Good morning all!
I want to chime in here. As a member of the American Boat and Yacht Council, (ABYC) AND a member of the National Marine Manufacturers Association, (NMMA) I am intimately familiar with this topic. Safety is a priority of these organizations, and safety is important to me too.
The ABYC and the NMMA have a set of standards by which most new boats are manufactured. Lots of times these standards exceed what the U.S. Coast Guard sets forth as law regarding new boat production. In this instance, the ABYC standards found in the July 2008 revision of "E-11 AC and DC Electrical Systems on Boats" toes the line and agrees with the U.S. Coast Guard law. Specifically, U.S.C.G. CFR 33 183.425 table 5 speaks to maximum current capacity for electrical conductors. It is interesting to understand that the Coast Guard defines current capacity both by size AND by the temperature rating of the conductor's insulation. If you are using really crummy 1/0 wire with low-temp insulation, (60C /140* F) the max current allowed is 195 Amps. If you use1/0 wire with a very hi-temp insulation, (200C / 392* F) the max current is 325 Amps.
Again, be reminded this is the law for new boat production. You are not going to be arrested if you do not follow it.
Additionally, the law says that the over-current device, (fuse or circuit breaker) next to the battery can be sized up to 1.5 times the combined circuit load as long as it does not exceed the max current allowed based on the insulation temperature rating. Finally, the Coast Guard law says that the over-current device be located no more than SEVEN INCHES from the battery! That is tough to do, and again, you will not be arrested if you are further from the battery than this... Still, get it as close as you can. It is there to protect the wire, to prevent it from catching on fire, or catching something else on fire, or causing an explosion, harming you, your passengers or anyone else nearby. Oh it is there to protect the boat too....
Sorry for the long preface, but I want to make sure that we all understand that my recommendations are going to be based on what the law is for new boat production.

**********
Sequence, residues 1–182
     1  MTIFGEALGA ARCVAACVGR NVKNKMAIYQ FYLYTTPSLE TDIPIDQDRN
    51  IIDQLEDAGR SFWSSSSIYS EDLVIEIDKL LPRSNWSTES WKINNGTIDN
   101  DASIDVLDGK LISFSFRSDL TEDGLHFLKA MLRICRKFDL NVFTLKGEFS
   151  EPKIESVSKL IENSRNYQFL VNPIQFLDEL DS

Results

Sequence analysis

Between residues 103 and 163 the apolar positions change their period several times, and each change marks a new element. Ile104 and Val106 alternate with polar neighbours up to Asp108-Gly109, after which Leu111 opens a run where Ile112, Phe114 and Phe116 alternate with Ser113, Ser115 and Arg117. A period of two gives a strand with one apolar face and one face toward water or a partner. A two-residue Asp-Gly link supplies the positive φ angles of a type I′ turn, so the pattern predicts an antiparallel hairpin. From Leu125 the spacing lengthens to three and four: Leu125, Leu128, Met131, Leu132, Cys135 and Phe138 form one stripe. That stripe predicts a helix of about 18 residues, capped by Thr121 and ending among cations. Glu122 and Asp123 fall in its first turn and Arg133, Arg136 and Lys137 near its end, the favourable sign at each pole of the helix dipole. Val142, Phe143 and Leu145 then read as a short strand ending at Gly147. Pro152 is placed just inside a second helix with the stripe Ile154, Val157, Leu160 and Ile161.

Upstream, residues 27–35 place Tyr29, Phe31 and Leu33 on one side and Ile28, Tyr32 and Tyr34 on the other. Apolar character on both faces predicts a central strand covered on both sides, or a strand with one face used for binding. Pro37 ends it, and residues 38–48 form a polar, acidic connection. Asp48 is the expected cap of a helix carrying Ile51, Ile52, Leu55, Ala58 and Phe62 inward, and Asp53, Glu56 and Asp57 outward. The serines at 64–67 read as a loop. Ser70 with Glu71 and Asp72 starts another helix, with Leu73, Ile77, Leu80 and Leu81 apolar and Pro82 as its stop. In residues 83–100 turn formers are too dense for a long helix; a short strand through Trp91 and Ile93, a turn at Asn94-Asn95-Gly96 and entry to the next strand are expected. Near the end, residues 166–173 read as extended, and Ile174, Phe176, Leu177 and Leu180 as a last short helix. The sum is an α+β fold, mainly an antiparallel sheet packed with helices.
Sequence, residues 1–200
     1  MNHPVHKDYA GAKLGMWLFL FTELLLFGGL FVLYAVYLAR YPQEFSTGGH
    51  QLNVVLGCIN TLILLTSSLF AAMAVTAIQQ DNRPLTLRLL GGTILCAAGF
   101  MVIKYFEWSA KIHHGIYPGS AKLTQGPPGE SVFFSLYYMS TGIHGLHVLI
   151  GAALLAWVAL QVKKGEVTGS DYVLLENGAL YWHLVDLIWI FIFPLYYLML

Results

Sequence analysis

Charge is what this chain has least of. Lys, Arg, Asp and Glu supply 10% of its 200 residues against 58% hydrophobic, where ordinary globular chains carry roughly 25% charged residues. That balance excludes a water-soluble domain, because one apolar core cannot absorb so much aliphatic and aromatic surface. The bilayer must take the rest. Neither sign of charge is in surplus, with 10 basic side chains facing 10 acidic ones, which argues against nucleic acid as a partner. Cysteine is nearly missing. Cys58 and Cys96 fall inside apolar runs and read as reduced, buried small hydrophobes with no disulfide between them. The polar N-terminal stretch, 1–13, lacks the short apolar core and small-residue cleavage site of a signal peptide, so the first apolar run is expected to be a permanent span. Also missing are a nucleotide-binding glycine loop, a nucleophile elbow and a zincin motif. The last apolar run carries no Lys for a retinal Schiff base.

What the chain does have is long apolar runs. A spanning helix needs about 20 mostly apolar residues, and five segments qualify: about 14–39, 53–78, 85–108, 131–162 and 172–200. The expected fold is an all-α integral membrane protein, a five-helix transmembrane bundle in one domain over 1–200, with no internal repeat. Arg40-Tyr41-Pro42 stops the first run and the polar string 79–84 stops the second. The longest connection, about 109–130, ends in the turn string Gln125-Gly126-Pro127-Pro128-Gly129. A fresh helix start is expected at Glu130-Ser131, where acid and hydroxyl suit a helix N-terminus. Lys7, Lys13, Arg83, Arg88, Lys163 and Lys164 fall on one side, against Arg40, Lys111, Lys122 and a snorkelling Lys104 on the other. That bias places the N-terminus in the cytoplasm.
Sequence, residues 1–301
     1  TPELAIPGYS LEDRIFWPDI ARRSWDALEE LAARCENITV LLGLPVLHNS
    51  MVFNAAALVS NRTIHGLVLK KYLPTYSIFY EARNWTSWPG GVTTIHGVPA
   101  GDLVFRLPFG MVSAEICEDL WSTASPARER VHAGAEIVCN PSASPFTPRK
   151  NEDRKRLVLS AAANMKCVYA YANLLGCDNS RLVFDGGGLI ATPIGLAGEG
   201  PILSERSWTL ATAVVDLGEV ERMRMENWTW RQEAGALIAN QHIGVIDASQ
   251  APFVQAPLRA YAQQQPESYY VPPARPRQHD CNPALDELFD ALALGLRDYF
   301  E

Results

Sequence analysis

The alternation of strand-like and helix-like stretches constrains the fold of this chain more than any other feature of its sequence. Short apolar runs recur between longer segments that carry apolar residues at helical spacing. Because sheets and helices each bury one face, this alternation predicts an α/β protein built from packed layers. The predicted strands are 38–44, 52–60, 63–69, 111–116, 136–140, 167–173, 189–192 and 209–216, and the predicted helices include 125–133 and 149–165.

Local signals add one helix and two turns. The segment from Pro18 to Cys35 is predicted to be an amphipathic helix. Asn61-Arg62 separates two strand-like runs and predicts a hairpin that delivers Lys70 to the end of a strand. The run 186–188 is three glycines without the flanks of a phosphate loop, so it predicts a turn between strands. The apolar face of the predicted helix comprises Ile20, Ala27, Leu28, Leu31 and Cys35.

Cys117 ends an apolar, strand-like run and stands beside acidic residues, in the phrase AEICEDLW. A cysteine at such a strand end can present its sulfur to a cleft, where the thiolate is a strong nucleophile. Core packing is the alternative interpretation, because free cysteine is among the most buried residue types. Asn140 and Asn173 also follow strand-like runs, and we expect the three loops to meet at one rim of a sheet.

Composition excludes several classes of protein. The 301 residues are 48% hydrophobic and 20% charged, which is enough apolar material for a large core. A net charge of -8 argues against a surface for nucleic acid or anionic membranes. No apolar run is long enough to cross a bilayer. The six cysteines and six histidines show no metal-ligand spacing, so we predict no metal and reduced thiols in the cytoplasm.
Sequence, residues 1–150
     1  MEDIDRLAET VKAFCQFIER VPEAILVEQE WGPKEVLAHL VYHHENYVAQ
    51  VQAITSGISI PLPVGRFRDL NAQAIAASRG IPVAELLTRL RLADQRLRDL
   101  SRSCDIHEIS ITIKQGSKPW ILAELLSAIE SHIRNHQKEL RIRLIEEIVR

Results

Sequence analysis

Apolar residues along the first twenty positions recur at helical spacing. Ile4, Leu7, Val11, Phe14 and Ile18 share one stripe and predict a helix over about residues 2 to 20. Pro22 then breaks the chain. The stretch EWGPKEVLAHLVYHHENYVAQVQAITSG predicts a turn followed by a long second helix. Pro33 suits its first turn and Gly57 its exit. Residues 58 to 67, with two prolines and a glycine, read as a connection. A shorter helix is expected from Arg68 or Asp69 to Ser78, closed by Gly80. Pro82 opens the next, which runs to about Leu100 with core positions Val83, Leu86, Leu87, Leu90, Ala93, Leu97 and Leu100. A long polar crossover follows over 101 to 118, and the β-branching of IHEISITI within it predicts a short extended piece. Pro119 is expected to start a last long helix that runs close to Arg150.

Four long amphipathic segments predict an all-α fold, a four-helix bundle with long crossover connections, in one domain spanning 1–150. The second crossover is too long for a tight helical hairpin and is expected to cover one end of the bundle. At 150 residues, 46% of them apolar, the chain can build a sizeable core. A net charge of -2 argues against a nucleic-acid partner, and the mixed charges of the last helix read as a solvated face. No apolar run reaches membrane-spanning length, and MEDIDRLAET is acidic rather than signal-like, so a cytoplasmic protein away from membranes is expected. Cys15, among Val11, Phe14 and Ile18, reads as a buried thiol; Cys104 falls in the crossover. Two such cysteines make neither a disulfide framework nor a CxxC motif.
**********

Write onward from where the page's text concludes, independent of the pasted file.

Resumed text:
You are right on the breakers size being maxed out at 200A in my opinion. I have searched for larger ones too, and cannot find them. If you want to go with a breaker, you will be limited to 200A. BE SURE TO USE AN IGNITION - PROTECTED BREAKER!!! SAE J-1171 RATING IS WHAT YOU ARE LOOKING FOR. You do not want a device, (that is there to protect everything) starting a fire due to a spark it created while trying to do its job.
As Gangstar says, fusing to 450A in his scenario is not an option. In his scenario based on 3 amplifiers, one would be better served with two or three pulls of 1/0 to power the amps, with each run of 1/0 protected at the amp with its own fuse or breaker. I do however know that under-fusing can be problematic, and I like to have a battery fuse slightly higher than the combined current load on the wire, as long as the wire is rated for it and I do not exceed the 1.5x allowed by the law.
Your particular situation and installation are right on the gray edge. Your 200A breaker will adequately protect your wire, if even it has the lowest thermal rating. However, if you are really hammering on the stereo, there is a chance that you will pop the breaker. I think the chance is remote, as it is pretty common for the amp manufacturers to put in some extra fusing "just in case" it is needed. In normal operation even at max output, most amps operate at a level that is less than the total fuse rating; otherwise we all would be changing fuses a lot more than we do. If after you install the system you find that you are regularly popping your breaker in the system you are going to do, the safest recommendation I have will be to split the amps up and wire each one on their own pull of 1/0, with a 200A breaker on each wire right at the battery or Perko.
What you have set forth as a plan though is totally safe, and I recommend you go ahead with your plan and see if it runs without popping the breaker. It certainly is going to be a lot cheaper to try it first! Again, just as a reminder, make sure that breaker is ignition-protected and has the SAE J-1171 rating on it.
Good Luck and let us know!!!
(Message edited by philwsailz on February 25, 2009)